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Storminator takes out Innovation Award


An innovative team of University of Canterbury (UC) engineers has won the National Stormwater Innovation Award 2019 for an instantly practical and applicable stormwater treatment invention that stops zinc from galvanised roofs entering our precious waterways.

The winning team comprises UC Civil and Natural Resources Engineering academics Professor Tom Cochrane, Dr Aisling (Ash) O’Sullivan and Dr Frances Charters, experts in Hydrological and Ecological Engineering.

Competition for the award at the 2019 Water New Zealand Stormwater Conference in Auckland was fierce, but the judges felt the UC team’s Storminator offers a unique solution to a significant Aotearoa New Zealand environmental problem; that of roofing zinc polluting our waterways. Zinc is the most prominent of all the contaminants in rivers and streams. In Christchurch, metal roofs constitute 6.7% of the large Heathcote catchment and 5.7% in the smaller Addington catchment.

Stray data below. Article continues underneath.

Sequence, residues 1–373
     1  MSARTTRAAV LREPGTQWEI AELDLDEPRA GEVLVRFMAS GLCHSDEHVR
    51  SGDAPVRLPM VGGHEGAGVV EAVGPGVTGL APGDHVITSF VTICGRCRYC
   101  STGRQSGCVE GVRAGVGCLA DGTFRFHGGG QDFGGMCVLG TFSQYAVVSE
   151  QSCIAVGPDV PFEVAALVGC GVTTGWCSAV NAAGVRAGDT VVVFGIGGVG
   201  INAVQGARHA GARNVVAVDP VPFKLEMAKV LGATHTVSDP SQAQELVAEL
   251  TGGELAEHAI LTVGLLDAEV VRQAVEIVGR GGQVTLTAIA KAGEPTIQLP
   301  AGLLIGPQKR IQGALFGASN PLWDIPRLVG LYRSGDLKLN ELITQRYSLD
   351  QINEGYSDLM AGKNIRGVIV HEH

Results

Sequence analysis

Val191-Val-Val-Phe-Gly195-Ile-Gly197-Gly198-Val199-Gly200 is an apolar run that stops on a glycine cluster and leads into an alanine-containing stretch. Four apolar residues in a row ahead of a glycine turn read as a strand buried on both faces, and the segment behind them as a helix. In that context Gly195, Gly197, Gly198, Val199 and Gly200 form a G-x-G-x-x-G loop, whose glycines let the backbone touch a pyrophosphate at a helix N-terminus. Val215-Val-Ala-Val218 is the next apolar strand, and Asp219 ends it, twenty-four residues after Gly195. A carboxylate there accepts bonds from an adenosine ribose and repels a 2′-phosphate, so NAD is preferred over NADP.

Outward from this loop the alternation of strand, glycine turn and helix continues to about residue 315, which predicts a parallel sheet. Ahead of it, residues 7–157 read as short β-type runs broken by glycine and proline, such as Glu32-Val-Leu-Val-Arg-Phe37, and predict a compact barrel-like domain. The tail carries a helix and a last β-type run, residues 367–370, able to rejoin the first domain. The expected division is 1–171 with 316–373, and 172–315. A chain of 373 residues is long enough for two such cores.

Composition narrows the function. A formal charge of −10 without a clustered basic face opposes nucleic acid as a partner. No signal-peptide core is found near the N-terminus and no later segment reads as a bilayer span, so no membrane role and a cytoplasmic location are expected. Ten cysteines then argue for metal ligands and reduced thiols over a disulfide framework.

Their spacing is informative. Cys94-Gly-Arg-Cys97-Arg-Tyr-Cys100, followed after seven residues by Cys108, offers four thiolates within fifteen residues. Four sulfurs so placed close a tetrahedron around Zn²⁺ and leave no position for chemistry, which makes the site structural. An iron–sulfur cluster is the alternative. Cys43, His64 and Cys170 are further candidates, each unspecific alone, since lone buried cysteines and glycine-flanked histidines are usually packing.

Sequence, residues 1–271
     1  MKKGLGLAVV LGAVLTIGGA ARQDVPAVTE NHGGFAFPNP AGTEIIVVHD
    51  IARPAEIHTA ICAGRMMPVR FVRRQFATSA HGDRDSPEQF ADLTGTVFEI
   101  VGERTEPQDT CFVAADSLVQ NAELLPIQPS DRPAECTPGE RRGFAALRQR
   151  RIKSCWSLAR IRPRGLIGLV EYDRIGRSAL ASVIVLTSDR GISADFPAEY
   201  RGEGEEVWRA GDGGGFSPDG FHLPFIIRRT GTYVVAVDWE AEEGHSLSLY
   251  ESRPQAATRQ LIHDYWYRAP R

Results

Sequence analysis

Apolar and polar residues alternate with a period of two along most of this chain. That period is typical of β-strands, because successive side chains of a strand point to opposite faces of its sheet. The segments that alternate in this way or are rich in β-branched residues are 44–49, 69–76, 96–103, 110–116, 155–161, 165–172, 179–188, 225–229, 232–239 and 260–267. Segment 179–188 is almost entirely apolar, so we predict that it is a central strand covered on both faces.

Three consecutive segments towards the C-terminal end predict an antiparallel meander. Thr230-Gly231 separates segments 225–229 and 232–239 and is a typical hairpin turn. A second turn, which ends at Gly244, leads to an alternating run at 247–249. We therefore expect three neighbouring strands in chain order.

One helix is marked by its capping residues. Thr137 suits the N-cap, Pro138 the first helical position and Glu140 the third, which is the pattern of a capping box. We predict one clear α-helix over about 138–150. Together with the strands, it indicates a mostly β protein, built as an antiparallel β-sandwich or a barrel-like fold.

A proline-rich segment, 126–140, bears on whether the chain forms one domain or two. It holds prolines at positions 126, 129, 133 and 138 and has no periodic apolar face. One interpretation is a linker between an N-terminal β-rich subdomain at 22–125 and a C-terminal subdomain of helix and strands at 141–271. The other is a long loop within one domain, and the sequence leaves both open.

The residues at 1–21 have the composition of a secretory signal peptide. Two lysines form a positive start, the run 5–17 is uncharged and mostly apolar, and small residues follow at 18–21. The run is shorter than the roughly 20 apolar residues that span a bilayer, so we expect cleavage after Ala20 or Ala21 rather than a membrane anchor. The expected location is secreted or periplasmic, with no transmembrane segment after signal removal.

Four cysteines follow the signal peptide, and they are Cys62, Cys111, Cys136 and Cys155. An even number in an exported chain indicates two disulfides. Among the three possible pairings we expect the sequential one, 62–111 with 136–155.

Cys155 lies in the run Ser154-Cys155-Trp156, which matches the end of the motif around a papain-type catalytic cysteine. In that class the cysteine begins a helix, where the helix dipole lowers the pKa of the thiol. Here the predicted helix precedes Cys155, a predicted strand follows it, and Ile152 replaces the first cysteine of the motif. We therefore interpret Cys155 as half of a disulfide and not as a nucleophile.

The Storminator uses waste material, can be retrofitted to existing properties and has been tested at industrial sites and educational institutions. Developed with the support of Environment Canterbury, it offers good value and is available for implementation across New Zealand and beyond.



Light, sustainable and inexpensive, the Storminator is unique as the only flow-through downpipe system known. Installation causes minimal disturbance to businesses or infrastructure. The invention is patented, trademarked and has its own domain name. Eight units are currently deployed for research and development purposes with more systems commissioned for installation soon. It is suitable for business or domestic applications.

Read more: https://www.canterbury.ac.nz/news/2018/uc-researchers-invent-storminator-weapon-in-battle-for-survival-of-healthy-waterways.html

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